9. Find your current Windows partition. It should be the first or second under,sda and its type should be NTFS. Click it once, and click Edit to invoke the partition settings dialog. Reduce the size by at least 40,000 MB, or more if you have extra free space on your old installation. If you have a separate Documents partition, you may resize that instead. Then click on the free space you have created and click Add, setting the type to Swap area, and giving about 1.5-2 times your RAM (Note that the input box takes sizes in MB, not GB.) You will now have swap space. Click in the remaining free space and add an ext4 partition with the default size (maximum possible recommended), and the mount point as /. You may also want to do a /home partition, which is where all your user files in Ubuntu will go. If you make a mistake anytime during this, click Revert.
    For more detailed instructions (and with screenshots) on this step, read How to use manual partitioning during installation?
  10. We are now ready to install! Click ‘Install Now’, and allow the partitioning tool in the Ubuntu installer to write changes. Now you should be prompted to select a time zone. The Ubuntu installer wisely tries to guess your time zone, assuming you have a functioning internet connection.

  11. You will now be confronted with a choice of languages again. Select your language, and on the next step, select your keymap (keyboard layout). If you are unsure, click on the button to detect your keyboard layout.

  12. On the next screen, you may set your username, display name, and password. Pick a strong password. A strong password can contain lowercase alphabetic, uppercase alphabetic, numeric and other printable characters. Although your username must be all lowercase, your display name is what is displayed in the login menu and may contain capital letters and spaces in it.

  13. Now you may sit back with no trepidation until faced with the prompt stating the installation is complete.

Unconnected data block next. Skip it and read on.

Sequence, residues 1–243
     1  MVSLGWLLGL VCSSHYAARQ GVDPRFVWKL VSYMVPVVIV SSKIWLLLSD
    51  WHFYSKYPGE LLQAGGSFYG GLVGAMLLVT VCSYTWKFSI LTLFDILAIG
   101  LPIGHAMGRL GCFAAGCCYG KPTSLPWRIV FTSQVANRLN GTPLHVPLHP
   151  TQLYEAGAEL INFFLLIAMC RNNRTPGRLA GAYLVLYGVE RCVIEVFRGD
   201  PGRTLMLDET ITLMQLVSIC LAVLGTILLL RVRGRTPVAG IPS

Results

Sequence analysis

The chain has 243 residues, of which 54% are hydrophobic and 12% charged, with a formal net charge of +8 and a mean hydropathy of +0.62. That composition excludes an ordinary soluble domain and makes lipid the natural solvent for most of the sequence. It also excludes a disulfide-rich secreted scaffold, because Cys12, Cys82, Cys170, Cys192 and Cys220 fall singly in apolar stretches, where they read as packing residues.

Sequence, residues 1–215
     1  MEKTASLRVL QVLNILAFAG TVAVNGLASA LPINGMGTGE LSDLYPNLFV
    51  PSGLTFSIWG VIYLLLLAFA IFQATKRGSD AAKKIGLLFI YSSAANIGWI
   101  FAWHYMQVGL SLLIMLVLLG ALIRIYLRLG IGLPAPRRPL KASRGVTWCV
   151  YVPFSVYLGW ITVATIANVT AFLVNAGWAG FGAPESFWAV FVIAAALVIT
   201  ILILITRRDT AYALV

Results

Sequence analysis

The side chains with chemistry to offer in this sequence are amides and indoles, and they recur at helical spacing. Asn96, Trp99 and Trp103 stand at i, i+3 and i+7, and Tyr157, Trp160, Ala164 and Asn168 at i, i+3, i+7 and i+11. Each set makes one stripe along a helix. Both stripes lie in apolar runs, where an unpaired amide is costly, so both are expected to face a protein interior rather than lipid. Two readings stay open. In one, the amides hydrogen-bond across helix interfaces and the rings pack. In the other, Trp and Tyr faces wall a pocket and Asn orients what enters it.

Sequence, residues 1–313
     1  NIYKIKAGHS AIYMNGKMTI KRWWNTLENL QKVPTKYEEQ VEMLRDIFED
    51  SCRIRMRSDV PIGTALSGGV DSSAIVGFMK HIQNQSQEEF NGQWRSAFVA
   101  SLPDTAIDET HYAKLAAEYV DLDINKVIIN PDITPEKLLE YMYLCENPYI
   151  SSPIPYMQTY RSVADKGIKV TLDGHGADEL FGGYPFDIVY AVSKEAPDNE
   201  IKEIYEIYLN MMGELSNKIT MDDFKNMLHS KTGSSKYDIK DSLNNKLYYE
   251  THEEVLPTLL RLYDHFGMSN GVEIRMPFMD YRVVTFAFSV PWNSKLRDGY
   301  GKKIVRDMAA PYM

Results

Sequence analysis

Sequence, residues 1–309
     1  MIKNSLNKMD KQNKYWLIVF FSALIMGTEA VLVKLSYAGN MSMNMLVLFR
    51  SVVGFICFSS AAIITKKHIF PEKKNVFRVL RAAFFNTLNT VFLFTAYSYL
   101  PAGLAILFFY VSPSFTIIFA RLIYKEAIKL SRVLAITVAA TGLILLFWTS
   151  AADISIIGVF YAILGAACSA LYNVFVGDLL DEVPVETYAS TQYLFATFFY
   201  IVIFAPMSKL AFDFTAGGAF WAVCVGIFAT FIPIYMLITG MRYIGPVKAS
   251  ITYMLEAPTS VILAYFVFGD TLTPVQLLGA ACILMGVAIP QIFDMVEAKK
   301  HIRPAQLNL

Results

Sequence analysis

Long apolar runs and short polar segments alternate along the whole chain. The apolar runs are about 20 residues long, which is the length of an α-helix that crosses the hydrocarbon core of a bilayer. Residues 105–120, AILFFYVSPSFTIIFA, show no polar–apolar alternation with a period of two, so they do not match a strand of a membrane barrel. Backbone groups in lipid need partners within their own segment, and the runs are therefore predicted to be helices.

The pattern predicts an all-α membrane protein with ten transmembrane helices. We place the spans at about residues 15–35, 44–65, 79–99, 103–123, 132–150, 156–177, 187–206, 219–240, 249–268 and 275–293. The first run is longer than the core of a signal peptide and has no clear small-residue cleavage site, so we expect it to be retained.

• If you installed on a UEFI system you may want to run the following commands before booting into your new installation:
      sudo su;
      efi
      ="/target/boot/efi/EFI";
      if [[ -e "${efi}/boot" ]]; then
      echo
      "Backup:";
      mv
      -v "${efi}/boot/" "${efi}/boot-bak-$(lsb_release -cs)";
      fi;
      echo
      "Copy:";
      cp
      -va "${efi}/ubuntu" "${efi}/boot";
      arch
      ="$(ls -1 {efi}/ubuntu/shim*.efi)";
      arch
      ="${arch#*shim}";
      arch
      ="${arch%.efi}";
      cp
      -v "${efi}/boot/shim${arch}.efi" "${efi}/boot/boot${arch}.efi";
      This will copy Ubuntu’s boot files to the default bootloader location and backup any previously existing files. By doing this you save yourself from headaches caused by non-standards compliant behavior of some UEFI firmware found on VirtualBox as well as some older HP, Toshiba, Sony, and other devices. Related bug report.
    • If you changed the drives’ boot order in the BIOS during step #5 in order for the system to boot from the Live DVD / USB (or the system was configured already to boot from the DVD / USB drive) and click “Restart now”, the system will reboot into the Live DVD / USB and not into your fresh installation. Remember to either roll back the changes you made in the BIOS or remove the medium (according to whether you want your current boot order configuration to stick or not) before booting again.
After you finish all these steps, connect to the internet, open the terminal (Ctrl+Alt+T) and run these commands:   
  • sudo apt-get update && sudo apt-get dist-upgrade: Run this command to update and upgrade ubuntu Operation system.
  •  sudo apt-get install ubuntu-restricted-extras: This will update the packages on your system and install codecs for proprietary files with restricted copyright (MP3, AVI, MPEG, Microsoft fonts) and Adobe Flash Player.                        

                                     NOW YOUR UBUNTU OS IS INSTALLED ENJOY IT….(“_”)

*********************************************************************************



Also See:

What is Docker– Click Here 
What is Docker Hub — Click Here
What is Blockchain — Click Here